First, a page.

Guidance: Telephonic Consent
In most cases, a potential research subject (or subject's representative) must be given an explanation of the protocol, including its risks, benefits, and alternatives. The subject's voluntary and uncoerced choice to participate must usually be documented by the subject's signature on the approved consent form. The Department of Health and Human Services has, however, developed special rules permitting an IRB to approve, under limited circumstances, alternative forms of consent or waiver of documentation of consent.
Waiver of Standard Documentation Requirements: Special Rules for "Telephonic" Consent
Consent Provided By A Subject
An IRB may require the process of consent but waive the requirement for the investigator to obtain a signed consent form for some or all subjects. This provision allows for consent to be obtained verbally, by phone.
In order to approve this process, the IRB must find and document that :
The only record linking the subject and the research would be the consent document and the principal risk would be potential harm resulting from a breach of confidentiality (applies only to non-FDA regulated research) In this case, each subject must be asked whether the subject wants documentation linking the subject with the research, and the subject's wishes must govern;
The research presents (i) no more than minimal risk of harm to subjects; and (ii) involves no procedures for which written consent is normally required outside of the research context. (This exception applies to FDA and non-FDA regulated research).
Where PHI is involved , the IRB must also find that there is no more than minimal risk to the privacy of individuals and that the research could not practicably be conducted without the waiver and without the requested use or disclosure of PHI.
When the consent documentation requirement is waived in this circumstance, the IRB may require the investigator to provide the research subject with a written statement concerning the research. When making a request to use telephonic consent, the telephone script (the planned text to be used by the researcher making a call) must be included in the application for IRBMED approval.
Consent Provided By A Subject's Representative
The IRB may approve a telephonic consent procedure under which the subject's legally authorized representative ("LAR") is sent a faxed/emailed version of the informed consent document, a consent interview is conducted by phone while the LAR has the document in hand, and the LAR signs and returns the signed document to the investigator by return fax before the subject is enrolled in the study. In cases where this process is used, a witness who is not connected to the study (e.g., as an investigator, coordinator, etc.) should monitor the consent process.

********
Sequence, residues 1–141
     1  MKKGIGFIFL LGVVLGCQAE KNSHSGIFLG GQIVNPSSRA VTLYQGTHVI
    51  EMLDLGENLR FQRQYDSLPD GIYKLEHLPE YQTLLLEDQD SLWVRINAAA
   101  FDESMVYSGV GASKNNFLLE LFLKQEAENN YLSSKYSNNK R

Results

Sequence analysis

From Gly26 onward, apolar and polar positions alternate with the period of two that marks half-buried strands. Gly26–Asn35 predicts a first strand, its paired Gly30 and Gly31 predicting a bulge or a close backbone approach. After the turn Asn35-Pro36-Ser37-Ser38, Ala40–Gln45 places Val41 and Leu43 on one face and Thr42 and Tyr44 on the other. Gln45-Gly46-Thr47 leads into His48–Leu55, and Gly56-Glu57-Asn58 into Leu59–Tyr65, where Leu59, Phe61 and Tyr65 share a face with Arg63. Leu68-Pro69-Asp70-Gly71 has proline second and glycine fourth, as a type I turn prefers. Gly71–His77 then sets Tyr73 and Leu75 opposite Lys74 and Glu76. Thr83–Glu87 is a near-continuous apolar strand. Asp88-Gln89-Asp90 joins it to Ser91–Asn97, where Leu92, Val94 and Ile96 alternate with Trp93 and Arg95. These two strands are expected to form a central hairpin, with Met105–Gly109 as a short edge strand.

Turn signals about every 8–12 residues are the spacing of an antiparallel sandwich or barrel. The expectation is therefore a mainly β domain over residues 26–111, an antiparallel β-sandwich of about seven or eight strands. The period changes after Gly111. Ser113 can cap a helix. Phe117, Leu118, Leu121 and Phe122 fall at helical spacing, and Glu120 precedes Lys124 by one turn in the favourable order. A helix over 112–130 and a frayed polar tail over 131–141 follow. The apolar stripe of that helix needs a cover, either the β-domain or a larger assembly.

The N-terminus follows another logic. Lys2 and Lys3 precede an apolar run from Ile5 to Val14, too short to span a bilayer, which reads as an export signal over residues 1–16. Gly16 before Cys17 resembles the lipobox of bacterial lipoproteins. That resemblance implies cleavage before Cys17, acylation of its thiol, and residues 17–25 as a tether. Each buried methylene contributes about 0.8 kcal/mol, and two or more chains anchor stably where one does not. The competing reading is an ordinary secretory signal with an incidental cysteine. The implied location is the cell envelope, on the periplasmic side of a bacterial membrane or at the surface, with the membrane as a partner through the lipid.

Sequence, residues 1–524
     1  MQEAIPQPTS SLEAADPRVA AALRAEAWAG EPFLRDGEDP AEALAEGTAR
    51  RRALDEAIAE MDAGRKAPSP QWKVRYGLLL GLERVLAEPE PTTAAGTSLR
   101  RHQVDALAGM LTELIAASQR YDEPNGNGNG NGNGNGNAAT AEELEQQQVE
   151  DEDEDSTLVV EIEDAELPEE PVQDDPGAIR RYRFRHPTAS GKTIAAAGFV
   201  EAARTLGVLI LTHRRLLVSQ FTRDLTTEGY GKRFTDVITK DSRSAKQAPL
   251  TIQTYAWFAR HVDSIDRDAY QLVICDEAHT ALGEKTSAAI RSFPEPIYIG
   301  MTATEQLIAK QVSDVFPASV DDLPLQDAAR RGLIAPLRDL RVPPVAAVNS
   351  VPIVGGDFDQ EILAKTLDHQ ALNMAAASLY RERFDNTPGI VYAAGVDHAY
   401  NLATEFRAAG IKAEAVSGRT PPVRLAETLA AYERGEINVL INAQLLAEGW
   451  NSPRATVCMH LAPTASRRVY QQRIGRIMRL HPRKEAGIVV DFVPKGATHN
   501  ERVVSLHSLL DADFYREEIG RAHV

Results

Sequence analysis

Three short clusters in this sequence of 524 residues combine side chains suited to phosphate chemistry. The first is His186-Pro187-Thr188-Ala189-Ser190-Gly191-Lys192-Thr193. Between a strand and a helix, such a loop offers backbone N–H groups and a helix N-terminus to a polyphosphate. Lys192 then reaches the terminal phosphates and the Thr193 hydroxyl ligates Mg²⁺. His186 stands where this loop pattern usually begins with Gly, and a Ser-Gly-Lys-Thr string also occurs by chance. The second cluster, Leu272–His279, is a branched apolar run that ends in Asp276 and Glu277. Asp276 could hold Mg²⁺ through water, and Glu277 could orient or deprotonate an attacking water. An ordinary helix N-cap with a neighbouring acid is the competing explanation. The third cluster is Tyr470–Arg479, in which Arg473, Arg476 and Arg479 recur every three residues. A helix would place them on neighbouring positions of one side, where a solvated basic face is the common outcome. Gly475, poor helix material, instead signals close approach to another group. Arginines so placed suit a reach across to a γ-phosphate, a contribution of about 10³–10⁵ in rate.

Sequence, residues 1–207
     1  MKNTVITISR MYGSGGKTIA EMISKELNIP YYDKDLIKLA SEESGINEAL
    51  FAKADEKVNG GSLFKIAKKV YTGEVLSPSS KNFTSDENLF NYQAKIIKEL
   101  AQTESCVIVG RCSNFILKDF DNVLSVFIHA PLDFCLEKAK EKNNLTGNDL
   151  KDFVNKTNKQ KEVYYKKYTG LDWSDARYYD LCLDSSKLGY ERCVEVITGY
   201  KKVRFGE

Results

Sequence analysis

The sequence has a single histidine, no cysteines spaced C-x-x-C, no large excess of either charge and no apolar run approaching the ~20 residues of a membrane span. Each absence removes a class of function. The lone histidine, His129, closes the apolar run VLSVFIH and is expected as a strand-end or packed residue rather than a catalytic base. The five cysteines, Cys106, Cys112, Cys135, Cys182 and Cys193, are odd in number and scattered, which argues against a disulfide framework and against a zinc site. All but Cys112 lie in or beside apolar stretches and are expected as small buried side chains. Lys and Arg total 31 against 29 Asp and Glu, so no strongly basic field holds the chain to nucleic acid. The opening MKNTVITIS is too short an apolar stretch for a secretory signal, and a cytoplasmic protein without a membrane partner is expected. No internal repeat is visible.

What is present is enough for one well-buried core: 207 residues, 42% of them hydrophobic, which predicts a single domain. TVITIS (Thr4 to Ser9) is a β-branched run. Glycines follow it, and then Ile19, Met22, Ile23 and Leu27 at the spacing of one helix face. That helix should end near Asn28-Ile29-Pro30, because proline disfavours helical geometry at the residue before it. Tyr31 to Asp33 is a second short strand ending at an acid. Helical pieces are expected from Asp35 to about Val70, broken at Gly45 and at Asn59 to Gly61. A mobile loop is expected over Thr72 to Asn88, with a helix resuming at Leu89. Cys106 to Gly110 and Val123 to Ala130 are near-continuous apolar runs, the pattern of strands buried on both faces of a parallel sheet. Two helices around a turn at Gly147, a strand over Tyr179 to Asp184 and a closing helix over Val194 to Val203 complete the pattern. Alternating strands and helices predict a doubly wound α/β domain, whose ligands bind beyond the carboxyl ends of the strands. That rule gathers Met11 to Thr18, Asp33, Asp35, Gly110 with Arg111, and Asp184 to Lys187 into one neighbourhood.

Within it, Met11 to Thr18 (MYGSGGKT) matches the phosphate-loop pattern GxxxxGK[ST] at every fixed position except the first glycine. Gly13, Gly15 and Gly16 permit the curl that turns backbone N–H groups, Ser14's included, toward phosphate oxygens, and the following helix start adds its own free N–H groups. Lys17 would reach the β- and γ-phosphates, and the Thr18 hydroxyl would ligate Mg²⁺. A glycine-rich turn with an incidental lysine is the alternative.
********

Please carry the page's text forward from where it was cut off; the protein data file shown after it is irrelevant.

For more details on the criteria that must be met in order for the IRB to approve a telephonic consent process, please review the Waiver or Alteration of Written Informed Consent under OHRP, FDA, and HIPAA Regulations.
Telephone Consent Terms
Representative: Representative means the subject's legally authorized representative ("LAR"); a person recognized by law because of a spousal or familial relationship or by legal documentation such as 'Power of Attorney' to make decisions for another patient and/or subject. Consult with the Health System Legal Office for guidance regarding who may serve as a legally authorized representative.
Practicably: Federal regulations do not define the word 'practicably'. Black's Law Dictionary, on which courts sometimes rely in interpreting legislative or administrative agency intent, defines the term as: "reasonably capable of being accomplished; feasible."
Emergency exception: The Food and Drug Administration has recognized an extremely limited emergency exception to standard informed consent requirements, applicable only in certain emergency life-threatening situations where standard therapies are unproven or unsatisfactory and significant administrative burdens are met by the relevant investigators and IRB. As a matter of policy, IRBMED currently does not permit waiver of consent in emergency situations. An explanation and discussion of this policy is available by clicking here.
Minimal risk to the subjects: the probability and magnitude of harm or discomfort anticipated in the research are not greater in and of themselves than those ordinarily encountered in daily life or during the performance of routine physical or psychological examinations or tests
- sent or stored in any form;
- that identificies the patient or can be used to identify the patient;
- that is created or creceived by a covered entity (e.g. hospital, doctor, dentist, health plan);
- that relates to a patient's past, present and/or future treatment and payment of services.
- USE: generally refers to how PHI is handled (internally)
- DISCLOSURE: generally refers to how PHI is shared externally.